In response to feedback from the communities who publish with us, we are introducing new pre-review evaluation to relieve congestion of peer review and provide a better service to authors, our Editorial Boards and reviewers.
Since our launch, PeerJ has worked towards the goal of publishing all “Sound Science”, as cost effectively as possible, for the benefit of the scientific community and society. As a result we have, until now, evaluated articles based only on an objective determination of scientific and methodological soundness, not on subjective determinations of impact, novelty or interest.
At the same time, at the core of our mission has been a promise to give researchers more influence over the publishing process and to listen to community feedback over how peer review should work and how research should be assessed.
In recent months we have been thinking long and hard about feedback, from both our Editorial Board and Reviewers, that certain articles should no longer be considered as valid candidates for peer review or formal publication: that whilst the science they present may be “sound”, it is not of enough value to either the scientific record, the scientific community, or society, to justify being peer-reviewed or be considered for publication in a peer-reviewed journal. Our Editorial Board Members have asked us that we do our best to identify such submissions before they enter peer review.
As a result, we have been working with key stakeholders to develop new ways to evaluate submissions and are introducing new pre-review evaluation criteria, which we will initially apply to papers submitted to our new Medical Sections, followed soon after by all subject areas. These evaluation criteria will define clearer standards for the requirements of certain types of articles in those areas. For example, bioinformatic analyses of already published data sets will need to meet more stringent reporting and data analysis requirements, and will need to clearly demonstrate that they are addressing a meaningful knowledge gap in the literature.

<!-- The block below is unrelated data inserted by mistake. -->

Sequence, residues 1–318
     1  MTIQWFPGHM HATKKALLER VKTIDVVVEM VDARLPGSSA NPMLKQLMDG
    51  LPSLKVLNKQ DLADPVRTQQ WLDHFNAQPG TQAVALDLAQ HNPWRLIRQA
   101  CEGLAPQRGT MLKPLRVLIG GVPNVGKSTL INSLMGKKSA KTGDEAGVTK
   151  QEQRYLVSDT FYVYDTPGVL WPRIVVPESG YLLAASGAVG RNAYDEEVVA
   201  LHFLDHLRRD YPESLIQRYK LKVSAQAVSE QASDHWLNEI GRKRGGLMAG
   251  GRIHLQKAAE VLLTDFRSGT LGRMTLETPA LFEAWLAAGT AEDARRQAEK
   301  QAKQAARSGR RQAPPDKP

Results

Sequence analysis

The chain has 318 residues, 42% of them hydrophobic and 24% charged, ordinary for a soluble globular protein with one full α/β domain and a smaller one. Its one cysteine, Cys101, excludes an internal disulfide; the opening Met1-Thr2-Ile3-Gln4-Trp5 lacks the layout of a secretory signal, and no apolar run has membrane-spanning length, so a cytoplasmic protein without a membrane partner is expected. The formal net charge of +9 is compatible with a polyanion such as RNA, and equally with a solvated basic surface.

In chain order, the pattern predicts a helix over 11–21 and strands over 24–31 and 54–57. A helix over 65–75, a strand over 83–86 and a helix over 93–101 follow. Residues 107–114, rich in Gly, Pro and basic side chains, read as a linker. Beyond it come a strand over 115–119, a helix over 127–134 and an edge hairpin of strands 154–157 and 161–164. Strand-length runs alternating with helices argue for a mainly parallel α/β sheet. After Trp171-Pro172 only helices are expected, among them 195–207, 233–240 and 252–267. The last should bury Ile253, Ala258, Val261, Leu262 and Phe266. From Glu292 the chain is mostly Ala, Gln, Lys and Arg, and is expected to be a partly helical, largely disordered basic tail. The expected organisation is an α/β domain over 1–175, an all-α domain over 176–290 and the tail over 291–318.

At some level, of course, this means that PeerJ is moving away from the concept of peer reviewing all sound science. To be absolutely clear, this does not mean we have an intention of becoming a highly-selective “glamour” journal publisher that publishes only the most novel breakthroughs. It also does not mean that we will stop publishing negative or null results. However, the feedback we have received is that the definition of what constitutes a valid candidate for publication needs to evolve.
We are being influenced by the researchers who peer review our research articles. We have heard from so many of our editorial board members and reviewers that they feel swamped by peer review requests and that they – and the system more widely – are close to breaking point. We most regularly hear this frustration when papers that they are reviewing do not, in their expert opinion, make a meaningful contribution to the record and are destined to be rejected; and should, in their view, have been filtered out much sooner in the process.
Such submissions, in turn, impact the peer review of articles that do make a very significant contribution to the literature, research and society – the congestion of the peer review process can mean assigning editors and finding peer reviewers takes more time, potentially delaying important additions to the scientific record.
Furthermore, because it can be difficult and in some cases impossible to assign an Academic Editor and/or reviewers, authors can be faced with frustratingly long waits only to receive the bad news that their article has been rejected or, in the worst cases, that we were unable to peer review their paper. We believe that by listening to this feedback from our communities and removing some of the congestion from the peer review process, we will provide a better, more efficient, experience for everyone.
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